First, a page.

On the side of the barn Catskill Farming Co. was still legible and the logo of a farmer working in what appeared to be a corn field was burned around the edges. The barn had been that way his whole life. The fire that damaged the barn occurring twenty years before his birth. He knew the story though. His grandfather was fond of telling it before his death, and Paul thought about it as he walked by.

The story, or at least the version of the story Paul retained, was an eclectic mash of things he had heard from different people. It was about a conglomerate.

In the late fifties, when his town was more of a farming and mining town that it is now, five farmers got together to form a company. Being the era of McCarthyism, a veil of suspicion was cast over their “communal” business dealings. This terrified the townspeople, and scared them into action. Although to hear his grandfather tell the story.(His grandfather being somewhat impartial since he wasn’t a farmer) The other farmers of the area were more concerned about being put out of business by the larger and more successful operation.

Meetings were held in the church by other farmers to discuss the situation, and tempers flared. Some thought they should turn the others in to the authorities for being communists. However that idea never came to fruition. Several months later the situation came to a head when the new barn (the burn out thing Paul was still staring at) was built.

The beautiful new structure was built near one of the company’s farms and also near another independent farm. Disputes about the boundary of the two farms followed, and early one August morning the building caught fire. The fire department was called, but no one came until an hour later, allowing the barn to burn enough that it was useless to repair it.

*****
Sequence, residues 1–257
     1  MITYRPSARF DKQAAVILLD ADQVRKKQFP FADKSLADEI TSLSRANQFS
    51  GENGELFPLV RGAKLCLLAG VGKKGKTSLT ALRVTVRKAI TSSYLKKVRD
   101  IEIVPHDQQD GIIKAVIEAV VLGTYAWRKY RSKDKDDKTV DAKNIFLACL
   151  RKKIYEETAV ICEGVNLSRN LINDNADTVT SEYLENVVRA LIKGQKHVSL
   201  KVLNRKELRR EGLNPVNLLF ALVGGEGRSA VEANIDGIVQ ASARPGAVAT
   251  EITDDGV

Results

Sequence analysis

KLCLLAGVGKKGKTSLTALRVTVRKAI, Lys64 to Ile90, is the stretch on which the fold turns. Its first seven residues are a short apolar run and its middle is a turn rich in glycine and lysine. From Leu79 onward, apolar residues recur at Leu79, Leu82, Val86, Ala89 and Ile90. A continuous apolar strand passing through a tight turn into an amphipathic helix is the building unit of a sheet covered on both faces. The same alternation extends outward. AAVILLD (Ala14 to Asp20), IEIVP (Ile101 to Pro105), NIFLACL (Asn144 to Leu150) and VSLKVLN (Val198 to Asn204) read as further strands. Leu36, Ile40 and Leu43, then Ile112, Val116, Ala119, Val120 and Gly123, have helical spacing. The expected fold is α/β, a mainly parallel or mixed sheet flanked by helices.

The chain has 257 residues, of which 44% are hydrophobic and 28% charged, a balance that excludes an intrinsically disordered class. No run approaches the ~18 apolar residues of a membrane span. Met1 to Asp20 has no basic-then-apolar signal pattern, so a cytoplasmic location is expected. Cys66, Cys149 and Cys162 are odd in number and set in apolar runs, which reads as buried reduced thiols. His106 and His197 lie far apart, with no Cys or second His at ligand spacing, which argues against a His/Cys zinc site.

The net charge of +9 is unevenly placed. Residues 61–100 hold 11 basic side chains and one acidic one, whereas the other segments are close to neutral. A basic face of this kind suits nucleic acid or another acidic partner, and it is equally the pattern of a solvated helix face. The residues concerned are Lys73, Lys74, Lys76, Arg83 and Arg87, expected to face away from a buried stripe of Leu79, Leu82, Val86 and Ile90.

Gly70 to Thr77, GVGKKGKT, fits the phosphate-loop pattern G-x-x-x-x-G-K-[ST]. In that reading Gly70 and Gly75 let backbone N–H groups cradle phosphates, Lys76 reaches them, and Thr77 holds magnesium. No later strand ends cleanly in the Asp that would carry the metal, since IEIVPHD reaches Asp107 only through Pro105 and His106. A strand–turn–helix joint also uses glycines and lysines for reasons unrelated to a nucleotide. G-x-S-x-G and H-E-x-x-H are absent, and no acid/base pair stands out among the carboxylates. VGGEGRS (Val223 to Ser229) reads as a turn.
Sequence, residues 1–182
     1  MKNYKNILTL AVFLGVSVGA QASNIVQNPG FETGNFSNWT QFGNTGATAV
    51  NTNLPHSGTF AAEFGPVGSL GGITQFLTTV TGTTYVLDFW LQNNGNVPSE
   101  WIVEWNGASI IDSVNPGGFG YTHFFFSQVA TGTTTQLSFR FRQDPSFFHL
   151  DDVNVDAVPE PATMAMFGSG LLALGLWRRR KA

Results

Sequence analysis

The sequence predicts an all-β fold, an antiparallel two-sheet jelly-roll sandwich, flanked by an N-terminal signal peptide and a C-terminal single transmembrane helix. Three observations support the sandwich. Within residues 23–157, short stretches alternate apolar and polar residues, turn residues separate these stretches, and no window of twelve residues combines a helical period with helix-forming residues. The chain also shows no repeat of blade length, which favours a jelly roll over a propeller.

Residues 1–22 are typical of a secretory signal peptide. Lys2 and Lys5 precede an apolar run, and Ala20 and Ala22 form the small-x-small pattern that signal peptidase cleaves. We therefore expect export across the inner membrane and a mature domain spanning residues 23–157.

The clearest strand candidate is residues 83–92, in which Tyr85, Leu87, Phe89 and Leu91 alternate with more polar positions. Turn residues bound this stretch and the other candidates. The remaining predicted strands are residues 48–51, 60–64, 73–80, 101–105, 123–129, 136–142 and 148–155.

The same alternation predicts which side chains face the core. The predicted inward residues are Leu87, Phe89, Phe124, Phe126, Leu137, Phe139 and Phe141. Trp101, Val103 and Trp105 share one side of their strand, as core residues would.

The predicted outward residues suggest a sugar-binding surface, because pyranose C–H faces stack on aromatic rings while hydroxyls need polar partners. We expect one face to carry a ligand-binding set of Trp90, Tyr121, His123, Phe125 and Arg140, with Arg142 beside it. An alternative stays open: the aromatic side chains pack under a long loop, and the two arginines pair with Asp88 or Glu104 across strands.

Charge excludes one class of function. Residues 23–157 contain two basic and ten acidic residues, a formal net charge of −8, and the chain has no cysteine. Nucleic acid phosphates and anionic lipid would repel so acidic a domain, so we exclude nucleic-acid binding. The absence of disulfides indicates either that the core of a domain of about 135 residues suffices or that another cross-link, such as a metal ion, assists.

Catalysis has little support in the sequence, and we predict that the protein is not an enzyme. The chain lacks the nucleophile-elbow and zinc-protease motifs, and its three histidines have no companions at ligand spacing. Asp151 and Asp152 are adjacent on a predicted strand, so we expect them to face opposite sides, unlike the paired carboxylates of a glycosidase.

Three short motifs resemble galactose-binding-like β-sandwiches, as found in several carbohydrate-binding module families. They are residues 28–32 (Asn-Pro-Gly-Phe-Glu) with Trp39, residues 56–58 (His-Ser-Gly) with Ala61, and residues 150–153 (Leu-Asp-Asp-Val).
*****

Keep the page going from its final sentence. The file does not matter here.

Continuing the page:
Soon afterward, the company disbanded and the farmers moved away due to the pressure of the towns- people. The grand new symbol of the company was destroyed and it seemed logical that the company would follow suit. However, one farmer, Samuel Johnson, refused to move, and he remains a paranoid hermit in his own home.

“How depressing,” thought Paul. In the grand scheme of things how important was one barn in a small town? How important was anything in this town?

He continued on his way home, the heat increasing around him.

Along the path he saw the home of Samuel Johnson, and his body was compelled toward it, as if he had no control over his extremities. He sat down in the grass of Johnson’s front lawn, thinking to himself for several minutes.

He then stood up and reached into his pocket, retrieving the two items in it, a pen and a rubber band. The pen was used for writing in his time arrived and time finished on the sheet in the maintenance shed in the park, and the rubber band was used to hold down the clutch on the broken lawnmower.

Paul ripped open the card board container that once held his breakfast. He then wrote a message on it with the pen. Using the rubber band, he affixed the cardboard the message was on to a rock lying in a pile under a tree. With a mighty heave, us threw it through the an upstairs window, smashing it.

He then saw a light turn on in reaction to the noise. He waited a full minute, long enough he figured, for Johnson to see him before he started running away. Paul didn’t care if he caught him, because in the end, if it wasn’t Johnson or somebody else, it would be he who caught himself.